BBC NEWS Americas Africa Europe Middle East South Asia Asia Pacific

BBC News World Edition
 You are in: Science/Nature  
News Front Page
Middle East
South Asia
Talking Point
Country Profiles
In Depth
BBC Sport
BBC Weather
Sunday, 2 February, 2003, 18:25 GMT
International Space Station concern
Nasa file photo dated 2 December 2002, as seen from space shuttle Endeavour
Difficult decisions lie ahead over the ISS

With the shuttle fleet now grounded, concern is being voiced about the future of the International Space Station (ISS), which currently has a three-man crew on board.

Tribute to the Columbia's crew
She was proud to be representing her country

Astronaut Laurel Clark's aunt
Two American astronauts and one Russian cosmonaut - referred to as Expedition Six -have been on the platform since November.

Just how long they will have to stay there is unclear, but they will not return for several months.

The next visit had been planned for 1 March, when the shuttle Atlantis was due to take a relief crew to the outpost (Expedition Six would have come back on the return flight).

If necessary, this crew could come down to Earth aboard a Soyuz "lifeboat" vehicle that is attached to the ISS and reserved for emergencies. But for the present, the US space agency (Nasa) wants the station crew to sit tight until decisions are made.

'Not be there for awhile'

Ron Dittemore, Nasa's shuttle programme manager, said US officials had been in touch with their Russian counterparts to ensure the supplies sent up to the ISS on Sunday on an unmanned Progress supply craft were suitable.

"Those contents are appropriate given the fact that we will not be there for awhile," he said.

Bowersox, Nasa
Expedition Six commander Ken Bowersox is set for a long stay in space
"[The crew] have enough consumables and supplies to go through the latter part of June without having a shuttle visit. So there's some time for us to work through this."

But what of the future for the ISS if the space shuttle fleet remains grounded for a long time?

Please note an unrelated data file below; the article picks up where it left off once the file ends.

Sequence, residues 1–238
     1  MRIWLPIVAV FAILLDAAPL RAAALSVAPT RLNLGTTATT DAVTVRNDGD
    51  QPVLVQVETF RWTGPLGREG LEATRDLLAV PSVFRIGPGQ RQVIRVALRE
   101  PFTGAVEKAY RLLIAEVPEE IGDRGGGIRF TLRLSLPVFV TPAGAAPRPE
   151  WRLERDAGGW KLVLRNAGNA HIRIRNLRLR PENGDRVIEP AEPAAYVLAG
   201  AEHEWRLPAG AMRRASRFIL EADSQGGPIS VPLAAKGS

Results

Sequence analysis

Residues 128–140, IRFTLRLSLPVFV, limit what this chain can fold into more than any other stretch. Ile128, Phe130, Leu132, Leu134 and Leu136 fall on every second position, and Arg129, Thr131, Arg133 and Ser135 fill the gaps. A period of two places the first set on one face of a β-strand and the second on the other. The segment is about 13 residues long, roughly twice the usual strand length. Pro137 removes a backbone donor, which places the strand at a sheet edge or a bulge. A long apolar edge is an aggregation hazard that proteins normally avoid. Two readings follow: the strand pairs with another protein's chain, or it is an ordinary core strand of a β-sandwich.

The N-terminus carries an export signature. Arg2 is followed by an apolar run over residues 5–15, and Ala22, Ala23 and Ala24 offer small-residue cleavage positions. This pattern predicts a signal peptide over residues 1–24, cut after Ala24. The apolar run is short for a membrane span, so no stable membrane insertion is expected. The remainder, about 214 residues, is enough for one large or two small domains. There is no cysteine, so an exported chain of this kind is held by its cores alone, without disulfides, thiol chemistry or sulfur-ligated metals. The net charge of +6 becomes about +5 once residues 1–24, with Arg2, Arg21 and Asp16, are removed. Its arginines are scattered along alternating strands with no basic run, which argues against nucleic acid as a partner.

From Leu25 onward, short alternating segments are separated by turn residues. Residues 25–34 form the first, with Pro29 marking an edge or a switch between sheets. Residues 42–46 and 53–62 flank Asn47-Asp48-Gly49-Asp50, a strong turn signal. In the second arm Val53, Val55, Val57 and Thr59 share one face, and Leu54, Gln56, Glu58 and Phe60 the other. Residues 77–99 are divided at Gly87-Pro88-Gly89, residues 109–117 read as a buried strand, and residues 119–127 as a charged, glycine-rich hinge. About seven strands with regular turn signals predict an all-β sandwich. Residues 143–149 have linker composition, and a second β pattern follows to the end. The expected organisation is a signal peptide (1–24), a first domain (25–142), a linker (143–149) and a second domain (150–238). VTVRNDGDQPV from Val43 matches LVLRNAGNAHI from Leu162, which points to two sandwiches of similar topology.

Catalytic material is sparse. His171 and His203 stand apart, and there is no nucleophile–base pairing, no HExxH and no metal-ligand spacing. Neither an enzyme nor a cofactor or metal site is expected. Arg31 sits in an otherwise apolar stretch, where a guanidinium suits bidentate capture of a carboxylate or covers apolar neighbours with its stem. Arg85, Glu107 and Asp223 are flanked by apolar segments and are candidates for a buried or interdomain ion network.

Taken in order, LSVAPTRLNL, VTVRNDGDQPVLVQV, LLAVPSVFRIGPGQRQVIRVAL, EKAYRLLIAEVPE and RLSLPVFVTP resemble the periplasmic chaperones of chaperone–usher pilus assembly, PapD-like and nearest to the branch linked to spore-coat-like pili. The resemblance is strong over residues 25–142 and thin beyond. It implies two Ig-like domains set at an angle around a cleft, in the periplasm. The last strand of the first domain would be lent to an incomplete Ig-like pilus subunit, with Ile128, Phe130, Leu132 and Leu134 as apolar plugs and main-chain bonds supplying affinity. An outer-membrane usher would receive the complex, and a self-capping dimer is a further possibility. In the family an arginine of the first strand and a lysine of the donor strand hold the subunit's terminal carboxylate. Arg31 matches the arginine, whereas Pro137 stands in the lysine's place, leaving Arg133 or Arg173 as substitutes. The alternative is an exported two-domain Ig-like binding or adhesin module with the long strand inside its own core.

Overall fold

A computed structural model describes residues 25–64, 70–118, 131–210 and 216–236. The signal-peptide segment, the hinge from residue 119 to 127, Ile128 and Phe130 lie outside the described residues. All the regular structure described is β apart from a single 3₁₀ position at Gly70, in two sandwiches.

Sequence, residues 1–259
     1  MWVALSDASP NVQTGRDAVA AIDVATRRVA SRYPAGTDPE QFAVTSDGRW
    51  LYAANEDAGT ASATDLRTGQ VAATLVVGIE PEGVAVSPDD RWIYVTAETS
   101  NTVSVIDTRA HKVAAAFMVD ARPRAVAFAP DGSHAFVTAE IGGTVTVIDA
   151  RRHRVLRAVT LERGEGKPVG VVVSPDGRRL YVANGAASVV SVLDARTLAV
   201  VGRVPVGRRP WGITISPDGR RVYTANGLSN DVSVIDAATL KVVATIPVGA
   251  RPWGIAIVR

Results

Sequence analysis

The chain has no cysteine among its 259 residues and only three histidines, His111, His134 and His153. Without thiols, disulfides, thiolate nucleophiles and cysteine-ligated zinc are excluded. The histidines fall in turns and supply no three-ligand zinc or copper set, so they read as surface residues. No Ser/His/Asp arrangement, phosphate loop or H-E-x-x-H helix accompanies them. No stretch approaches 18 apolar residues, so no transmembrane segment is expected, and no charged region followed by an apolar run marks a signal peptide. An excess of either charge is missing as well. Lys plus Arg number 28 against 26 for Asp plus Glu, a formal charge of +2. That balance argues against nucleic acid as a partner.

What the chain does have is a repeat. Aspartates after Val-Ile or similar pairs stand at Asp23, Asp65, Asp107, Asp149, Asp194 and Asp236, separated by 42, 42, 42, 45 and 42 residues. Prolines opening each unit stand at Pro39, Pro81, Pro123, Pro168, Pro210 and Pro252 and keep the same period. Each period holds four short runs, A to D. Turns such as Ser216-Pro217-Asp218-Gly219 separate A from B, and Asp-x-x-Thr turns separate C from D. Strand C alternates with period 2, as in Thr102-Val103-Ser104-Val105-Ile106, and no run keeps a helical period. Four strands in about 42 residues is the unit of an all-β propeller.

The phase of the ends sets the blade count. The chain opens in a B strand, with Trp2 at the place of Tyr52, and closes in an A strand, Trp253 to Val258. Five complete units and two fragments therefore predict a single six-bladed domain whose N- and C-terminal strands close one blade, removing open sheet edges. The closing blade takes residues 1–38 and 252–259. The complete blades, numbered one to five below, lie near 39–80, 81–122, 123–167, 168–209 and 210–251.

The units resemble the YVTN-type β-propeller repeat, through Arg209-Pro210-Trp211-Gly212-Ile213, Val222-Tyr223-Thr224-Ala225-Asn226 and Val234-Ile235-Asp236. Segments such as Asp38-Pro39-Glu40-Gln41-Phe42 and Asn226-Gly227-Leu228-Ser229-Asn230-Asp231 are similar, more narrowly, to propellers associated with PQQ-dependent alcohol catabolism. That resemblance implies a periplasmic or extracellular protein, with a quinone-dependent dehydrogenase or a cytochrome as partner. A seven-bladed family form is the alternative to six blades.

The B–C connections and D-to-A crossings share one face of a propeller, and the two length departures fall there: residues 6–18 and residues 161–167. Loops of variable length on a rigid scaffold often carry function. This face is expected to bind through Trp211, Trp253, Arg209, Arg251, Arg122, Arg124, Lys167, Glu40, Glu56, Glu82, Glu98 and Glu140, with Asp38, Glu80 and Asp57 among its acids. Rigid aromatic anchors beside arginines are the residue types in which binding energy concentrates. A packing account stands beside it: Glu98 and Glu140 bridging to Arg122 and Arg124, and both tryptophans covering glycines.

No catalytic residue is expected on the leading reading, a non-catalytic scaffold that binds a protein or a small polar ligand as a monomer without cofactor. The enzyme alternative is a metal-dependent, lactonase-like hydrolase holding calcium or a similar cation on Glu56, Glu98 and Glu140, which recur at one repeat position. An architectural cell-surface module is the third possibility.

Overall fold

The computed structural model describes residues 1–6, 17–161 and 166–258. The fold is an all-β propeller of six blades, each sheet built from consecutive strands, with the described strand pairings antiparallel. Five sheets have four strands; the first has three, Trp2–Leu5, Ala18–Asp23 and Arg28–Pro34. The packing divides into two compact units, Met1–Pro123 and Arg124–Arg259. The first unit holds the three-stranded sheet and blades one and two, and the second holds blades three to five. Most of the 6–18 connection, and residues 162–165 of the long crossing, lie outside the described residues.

"It's absolutely obvious that shuttle flights will be stopped, possibly for some years, until the final determination of the cause of the Columbia accident," Sergei Gorbunov, a spokesman for the Russian Space Agency (RSA), was quoted as saying by the ITAR-Tass news agency.

Russian Soyuz rockets currently ferry up Russian crews to the ISS for short visits (in addition to their emergency role).

RSA spokesman Vyacheslav Mikhailichenko said it was possible the Expedition crews could also take this route in the near future.

But Soyuz carries fewer people and far less cargo than the space shuttle. And although supplies regularly go up on Progress vehicles, the US is reluctant to rely on them. Now, however, it may have no choice.

Alarmingly, another RSA spokesman told ITAR-Tass that Russia's space agency only had two Soyuz rockets capable of carrying crews to and from the space station, and urged US and Russian officials to help the space agency build new rockets.

Space co-operation

Another major factor is that the ISS requires frequent re-boosting to raise its orbit and keep it stable.

This is usually done by the space shuttle. It is possible to do this with the rocket motors on a Progress re-supply craft but the vehicle is less powerful.

Space officials know that the shuttle programme does not have the option of a lengthy wait, like the two-year grounding after the 1986 Challenger disaster.

One thing they desperately want to avoid, if at all possible, is leaving the ISS unmanned.

If the ISS has to be abandoned then there is the slim chance that onboard malfunctions could lead - in the worst case scenario - to the platform tumbling out of control, posing perhaps insurmountable problems for spacecraft wanting to dock at a later date.

Tass also quoted James Newman, Nasa's director of human space programmes in Russia, as saying that space co-operation between Russia and the United States was bound to intensify.

"It is vital to analyse what happened and eliminate problems in order to ensure safe flights for ISS crews," Mr Newman, who flew aboard Columbia last year, said.

What is certain is that all construction work on the platform will come to an immediate halt - the shuttle has been the mainstay for getting new components up into orbit to extend the station.

Key stories





See also:

20 Oct 00 | Space station
Internet links:

The BBC is not responsible for the content of external internet sites

Links to more Science/Nature stories are at the foot of the page.

 E-mail this story to a friend

Links to more Science/Nature stories

© BBC ^^ Back to top

News Front Page | Africa | Americas | Asia-Pacific | Europe | Middle East |
South Asia | UK | Business | Entertainment | Science/Nature |
Technology | Health | Talking Point | Country Profiles | In Depth |